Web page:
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dc.contributor.authorGoslin, Kathleen
dc.contributor.otherQueen's University (Kingston, Ont.). Theses (Queen's University (Kingston, Ont.))en
dc.date2016-09-29 21:04:32.748en
dc.date2016-10-11 20:53:24.83en
dc.date.accessioned2016-10-12T22:39:35Z
dc.date.available2016-10-12T22:39:35Z
dc.date.issued2016-10-12
dc.identifier.urihttp://hdl.handle.net/1974/15100
dc.descriptionThesis (Master, Education) -- Queen's University, 2016-10-11 20:53:24.83en
dc.description.abstractThis study examines how one secondary school teacher’s use of purposeful oral mathematics language impacted her students’ language use and overall communication in written solutions while working with word problems in a grade nine academic mathematics class. Mathematics is often described as a distinct language. As with all languages, students must develop a sense for oral language before developing social practices such as listening, respecting others ideas, and writing. Effective writing is often seen by students that have strong oral language skills. Classroom observations, teacher and student interviews, and collected student work served as evidence to demonstrate the nature of both the teacher’s and the students’ use of oral mathematical language in the classroom, as well as the effect the discourse and language use had on students’ individual written solutions while working on word problems. Inductive coding for themes revealed that the teacher’s purposeful use of oral mathematical language had a positive impact on students’ written solutions. The teacher’s development of a mathematical discourse community created a space for the students to explore mathematical language and concepts that facilitated a deeper level of conceptual understanding of the learned material. The teacher’s oral language appeared to transfer into students written work albeit not with the same complexity of use of the teacher’s oral expression of the mathematical register. Students that learn mathematical language and concepts better appear to have a growth mindset, feel they have ownership over their learning, use reorganizational strategies, and help develop a discourse community.en_US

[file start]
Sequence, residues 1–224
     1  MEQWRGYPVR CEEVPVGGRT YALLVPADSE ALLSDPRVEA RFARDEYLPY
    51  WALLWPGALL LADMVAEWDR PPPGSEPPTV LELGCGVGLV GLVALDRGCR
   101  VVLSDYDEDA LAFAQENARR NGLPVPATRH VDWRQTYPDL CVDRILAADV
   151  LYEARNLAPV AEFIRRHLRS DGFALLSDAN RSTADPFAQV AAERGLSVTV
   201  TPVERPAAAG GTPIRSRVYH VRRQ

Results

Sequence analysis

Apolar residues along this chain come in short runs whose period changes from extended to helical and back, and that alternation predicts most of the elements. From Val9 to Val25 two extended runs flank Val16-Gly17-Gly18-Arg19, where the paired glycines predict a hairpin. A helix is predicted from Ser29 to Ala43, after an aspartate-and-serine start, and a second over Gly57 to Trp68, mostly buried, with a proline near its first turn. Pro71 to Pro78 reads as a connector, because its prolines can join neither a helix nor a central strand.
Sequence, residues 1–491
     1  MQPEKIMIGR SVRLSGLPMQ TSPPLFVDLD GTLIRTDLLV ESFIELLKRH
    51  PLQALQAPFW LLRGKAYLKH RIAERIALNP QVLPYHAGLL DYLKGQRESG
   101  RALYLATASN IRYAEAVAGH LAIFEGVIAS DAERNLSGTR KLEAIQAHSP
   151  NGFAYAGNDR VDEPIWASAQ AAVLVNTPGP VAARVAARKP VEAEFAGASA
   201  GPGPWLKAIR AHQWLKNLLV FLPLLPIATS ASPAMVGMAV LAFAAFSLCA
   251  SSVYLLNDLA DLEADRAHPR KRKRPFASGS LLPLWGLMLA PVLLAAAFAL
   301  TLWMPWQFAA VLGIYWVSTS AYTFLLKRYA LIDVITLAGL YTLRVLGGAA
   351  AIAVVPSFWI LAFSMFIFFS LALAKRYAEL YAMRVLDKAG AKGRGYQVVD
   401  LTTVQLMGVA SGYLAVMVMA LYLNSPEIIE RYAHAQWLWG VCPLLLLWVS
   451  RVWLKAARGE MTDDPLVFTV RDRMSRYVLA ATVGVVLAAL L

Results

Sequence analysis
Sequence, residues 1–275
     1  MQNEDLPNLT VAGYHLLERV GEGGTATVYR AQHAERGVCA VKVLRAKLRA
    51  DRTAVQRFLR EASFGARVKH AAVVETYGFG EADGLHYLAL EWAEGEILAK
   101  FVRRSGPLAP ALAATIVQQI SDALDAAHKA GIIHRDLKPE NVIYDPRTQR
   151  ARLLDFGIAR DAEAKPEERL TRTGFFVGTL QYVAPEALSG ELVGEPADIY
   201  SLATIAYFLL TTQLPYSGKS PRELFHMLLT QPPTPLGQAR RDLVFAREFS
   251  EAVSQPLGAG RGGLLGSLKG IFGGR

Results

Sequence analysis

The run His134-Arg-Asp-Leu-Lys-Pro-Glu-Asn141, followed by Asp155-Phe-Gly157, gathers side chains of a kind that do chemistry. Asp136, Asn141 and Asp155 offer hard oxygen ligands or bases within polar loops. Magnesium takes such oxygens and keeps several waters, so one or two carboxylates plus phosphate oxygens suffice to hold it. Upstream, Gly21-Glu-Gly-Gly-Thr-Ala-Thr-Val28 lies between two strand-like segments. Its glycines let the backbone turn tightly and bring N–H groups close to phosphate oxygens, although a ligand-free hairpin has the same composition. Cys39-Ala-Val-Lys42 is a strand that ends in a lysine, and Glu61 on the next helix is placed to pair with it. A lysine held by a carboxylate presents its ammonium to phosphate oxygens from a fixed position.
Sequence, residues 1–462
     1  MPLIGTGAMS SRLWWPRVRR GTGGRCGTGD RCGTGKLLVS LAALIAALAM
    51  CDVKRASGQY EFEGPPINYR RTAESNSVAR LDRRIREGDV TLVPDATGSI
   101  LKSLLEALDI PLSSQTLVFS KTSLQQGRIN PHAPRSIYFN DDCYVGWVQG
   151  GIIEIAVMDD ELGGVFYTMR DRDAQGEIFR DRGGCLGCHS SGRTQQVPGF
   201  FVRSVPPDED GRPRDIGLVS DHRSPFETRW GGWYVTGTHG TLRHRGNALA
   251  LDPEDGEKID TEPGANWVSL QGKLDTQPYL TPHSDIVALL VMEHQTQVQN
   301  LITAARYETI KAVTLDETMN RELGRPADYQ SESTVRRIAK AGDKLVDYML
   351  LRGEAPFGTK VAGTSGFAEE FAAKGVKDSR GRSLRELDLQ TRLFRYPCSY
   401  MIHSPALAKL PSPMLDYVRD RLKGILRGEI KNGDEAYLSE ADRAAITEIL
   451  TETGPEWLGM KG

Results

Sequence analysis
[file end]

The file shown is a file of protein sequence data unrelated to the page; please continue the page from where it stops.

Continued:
dc.languageenen
dc.language.isoenen_US
dc.relation.ispartofseriesCanadian thesesen
dc.rightsQueen's University's Thesis/Dissertation Non-Exclusive License for Deposit to QSpace and Library and Archives Canadaen
dc.rightsProQuest PhD and Master's Theses International Dissemination Agreementen
dc.rightsIntellectual Property Guidelines at Queen's Universityen
dc.rightsCopying and Preserving Your Thesisen
dc.rightsCreative Commons - Attribution - CC BYen
dc.rightsThis publication is made available by the authority of the copyright owner solely for the purpose of private study and research and may not be copied or reproduced except as permitted by the copyright laws without written authority from the copyright owner.en
dc.rightsThis publication is made available by the authority of the copyright owner solely for the purpose of private study and research and may not be copied or reproduced except as permitted by the copyright laws without written authority from the copyright owner.en
dc.subjectlanguage of mathematicsen_US
dc.subjectgrowth mindseten_US
dc.subjectapplied linguistics mathematics educationen_US
dc.subjectmathematical discourseen_US
dc.subjectteacher oral language in mathematicsen_US
dc.subjectteacher to student oral language transfer in mathematicsen_US
dc.subjectfrequency of speechen_US
dc.subjectre-organizational strategiesen_US
dc.titleThe Effect of Purposeful Mathematics Discourse in the Classroom on Students’ Mathematics Language in the Context of Problem Solvingen_US
dc.typethesisen_US
dc.description.degreeMasteren
dc.contributor.supervisorPyper, Jamieen
dc.contributor.departmentEducationen


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